lemon, baby pink, green, green and more green, ultraviolet and sky blue. Svetlana was in to shop for the new season as early as possible because she liked to be first and to have the pick of the new.
For close to an hour, Annie had walked this elite customer and her dumpy personal assistant Olga round
every one of The Store’s glittering floor
s. They’d begun in the
cosmetics hall where assistants had brought out compacts and testers and sample sizes, trilling th
e delights of spring’s ‘fresh new palette’.
While Svetlana had let herself be lavishly made up and manicured, Olga had scathingly pronounced the shimmery nude polish ‘almost invisible’ and ‘far too expensive’.
‘She works for him,’ Svetl
ana had whispered
e when Olga was out of earshot, ‘My husband, Potato-face. H
e thinks I spend too much money and
is spying on me.’
‘No!’ Annie assured her, although, much to her continued disappointment, she knew nothing of life as a trophy wife, whereas Sve
tlana was on her third
wealthy husband. She’d traded up spouses the way other women trade up houses.
It was obvious to
Annie that if she wanted advice on finding a rich husband (and boy, could she do with one, her eye-watering credit card bills had come in this morning), this was the woman to ask. Surely it was just a matter of the
right question at the right moment to get the conversation started?
Once Svetlana had toured the new collections of the designers she regularly chose – Yves Saint Laurent and Givenchy for dressing up, Donna Karan for casual – Annie had tried to entice her into some different, more colourful, directions: Missoni, Pucci, Matthew Williamson.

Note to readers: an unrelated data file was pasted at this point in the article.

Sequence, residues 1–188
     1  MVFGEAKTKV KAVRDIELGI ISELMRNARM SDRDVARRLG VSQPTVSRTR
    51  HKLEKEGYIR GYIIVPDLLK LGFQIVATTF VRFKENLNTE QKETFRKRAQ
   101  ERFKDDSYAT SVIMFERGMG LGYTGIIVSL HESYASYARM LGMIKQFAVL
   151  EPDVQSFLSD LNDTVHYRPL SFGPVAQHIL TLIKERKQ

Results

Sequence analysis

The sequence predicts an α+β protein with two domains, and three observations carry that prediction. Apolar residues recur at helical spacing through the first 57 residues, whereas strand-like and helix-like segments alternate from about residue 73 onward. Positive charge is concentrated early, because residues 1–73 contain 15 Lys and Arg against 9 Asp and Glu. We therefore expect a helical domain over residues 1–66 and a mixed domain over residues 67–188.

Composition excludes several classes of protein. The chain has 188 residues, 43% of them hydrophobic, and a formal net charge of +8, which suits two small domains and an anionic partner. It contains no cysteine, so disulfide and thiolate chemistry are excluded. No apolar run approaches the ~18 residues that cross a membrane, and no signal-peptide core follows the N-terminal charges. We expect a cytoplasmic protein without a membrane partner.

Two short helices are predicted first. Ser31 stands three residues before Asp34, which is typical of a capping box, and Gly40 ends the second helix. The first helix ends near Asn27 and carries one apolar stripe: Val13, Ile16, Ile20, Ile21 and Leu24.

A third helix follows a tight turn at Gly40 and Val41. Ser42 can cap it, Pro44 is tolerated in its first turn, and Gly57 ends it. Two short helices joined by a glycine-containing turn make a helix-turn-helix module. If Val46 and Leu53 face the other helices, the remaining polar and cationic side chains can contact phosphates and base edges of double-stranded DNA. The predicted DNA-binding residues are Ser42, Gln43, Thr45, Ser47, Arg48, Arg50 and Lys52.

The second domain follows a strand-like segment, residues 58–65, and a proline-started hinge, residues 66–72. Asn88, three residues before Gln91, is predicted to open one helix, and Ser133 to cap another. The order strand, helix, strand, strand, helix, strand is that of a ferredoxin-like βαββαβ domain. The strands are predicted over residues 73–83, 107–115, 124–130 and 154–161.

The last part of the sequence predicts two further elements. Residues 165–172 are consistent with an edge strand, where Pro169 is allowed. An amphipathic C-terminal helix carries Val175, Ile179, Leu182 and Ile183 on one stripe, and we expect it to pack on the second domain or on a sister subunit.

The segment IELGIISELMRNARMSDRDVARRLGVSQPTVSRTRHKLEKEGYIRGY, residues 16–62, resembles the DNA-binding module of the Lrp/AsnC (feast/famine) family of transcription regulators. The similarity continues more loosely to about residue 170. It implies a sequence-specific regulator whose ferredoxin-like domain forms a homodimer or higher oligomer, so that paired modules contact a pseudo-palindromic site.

The billionaire’s wife had looked mournfully through the rails: ‘No, no . . . well . . . maybe . . . I don’t know if Igor will like it,’ she’d declared. ‘He likes sexy but ladylike, always ladylike.’ As if, over the two years they’d shopped together, Annie hadn’t realized. ‘Sexy but
ladylike’ was Svetlana’s mantra and
Svetlana’s marriage was her career.
She hosted bi-weekly dinners and monthly cocktail parties, she attended endless business receptions, made charming small talk for hours, always looked impeccably elegant, and all for the benefit of Igor and his empire. Svetlana had staff to organize: cooks, housekeepers, cleaners and maids. She had five houses in three countries to furnish, refurbish and decorate. Clearly, it was a demanding, full-time job being Mrs Igor Wisneski. But as she’d confided to Annie – when Olga was once again out of earshot – she was approaching 35, and in need of all the help she could get to maintain her position.